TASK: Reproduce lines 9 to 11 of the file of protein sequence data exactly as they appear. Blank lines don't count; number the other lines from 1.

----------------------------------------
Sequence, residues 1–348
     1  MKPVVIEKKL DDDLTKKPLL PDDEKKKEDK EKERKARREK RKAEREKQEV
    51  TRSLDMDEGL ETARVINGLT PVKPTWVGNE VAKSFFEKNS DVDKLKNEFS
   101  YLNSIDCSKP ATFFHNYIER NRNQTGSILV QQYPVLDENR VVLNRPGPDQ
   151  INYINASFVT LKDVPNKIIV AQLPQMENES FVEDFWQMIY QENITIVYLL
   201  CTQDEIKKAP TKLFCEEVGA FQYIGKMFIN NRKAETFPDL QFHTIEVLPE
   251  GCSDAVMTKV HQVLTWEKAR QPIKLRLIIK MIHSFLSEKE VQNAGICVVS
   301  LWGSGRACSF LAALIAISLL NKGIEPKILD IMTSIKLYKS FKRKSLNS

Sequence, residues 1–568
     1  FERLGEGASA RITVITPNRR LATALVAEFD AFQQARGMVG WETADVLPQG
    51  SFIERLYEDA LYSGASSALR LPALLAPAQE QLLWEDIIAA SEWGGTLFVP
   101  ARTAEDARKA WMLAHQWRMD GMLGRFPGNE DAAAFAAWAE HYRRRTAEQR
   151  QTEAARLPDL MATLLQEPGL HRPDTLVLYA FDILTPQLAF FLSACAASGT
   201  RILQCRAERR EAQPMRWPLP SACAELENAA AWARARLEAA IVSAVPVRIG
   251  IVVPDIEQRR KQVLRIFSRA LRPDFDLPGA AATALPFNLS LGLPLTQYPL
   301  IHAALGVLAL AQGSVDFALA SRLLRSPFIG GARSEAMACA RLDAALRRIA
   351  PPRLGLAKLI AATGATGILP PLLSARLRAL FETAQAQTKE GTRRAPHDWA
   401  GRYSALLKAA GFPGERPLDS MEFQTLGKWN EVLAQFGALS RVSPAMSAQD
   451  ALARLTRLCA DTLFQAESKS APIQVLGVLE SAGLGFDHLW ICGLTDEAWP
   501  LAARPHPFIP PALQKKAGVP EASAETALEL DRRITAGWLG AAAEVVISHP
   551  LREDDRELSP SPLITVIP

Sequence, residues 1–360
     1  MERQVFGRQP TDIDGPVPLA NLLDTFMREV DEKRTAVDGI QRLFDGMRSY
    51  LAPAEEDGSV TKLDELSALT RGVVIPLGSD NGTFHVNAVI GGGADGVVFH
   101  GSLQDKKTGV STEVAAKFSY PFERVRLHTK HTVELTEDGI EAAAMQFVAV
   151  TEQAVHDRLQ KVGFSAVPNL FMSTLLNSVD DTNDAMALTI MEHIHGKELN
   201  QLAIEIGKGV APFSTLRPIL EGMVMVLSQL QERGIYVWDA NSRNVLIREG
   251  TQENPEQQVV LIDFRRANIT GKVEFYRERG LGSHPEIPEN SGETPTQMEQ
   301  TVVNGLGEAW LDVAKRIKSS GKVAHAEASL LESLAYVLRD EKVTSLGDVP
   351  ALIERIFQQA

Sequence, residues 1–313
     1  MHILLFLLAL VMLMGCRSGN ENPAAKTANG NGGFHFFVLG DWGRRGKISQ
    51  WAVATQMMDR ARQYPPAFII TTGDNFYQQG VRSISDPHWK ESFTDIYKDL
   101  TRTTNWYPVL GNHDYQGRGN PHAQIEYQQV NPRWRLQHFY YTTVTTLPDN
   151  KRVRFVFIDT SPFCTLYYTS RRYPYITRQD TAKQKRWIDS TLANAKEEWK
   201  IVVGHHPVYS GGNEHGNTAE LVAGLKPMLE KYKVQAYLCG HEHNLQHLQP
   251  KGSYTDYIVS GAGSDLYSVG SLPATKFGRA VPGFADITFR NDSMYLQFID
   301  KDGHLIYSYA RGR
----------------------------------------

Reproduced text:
Sequence, residues 1–568
     1  FERLGEGASA RITVITPNRR LATALVAEFD AFQQARGMVG WETADVLPQG
    51  SFIERLYEDA LYSGASSALR LPALLAPAQE QLLWEDIIAA SEWGGTLFVP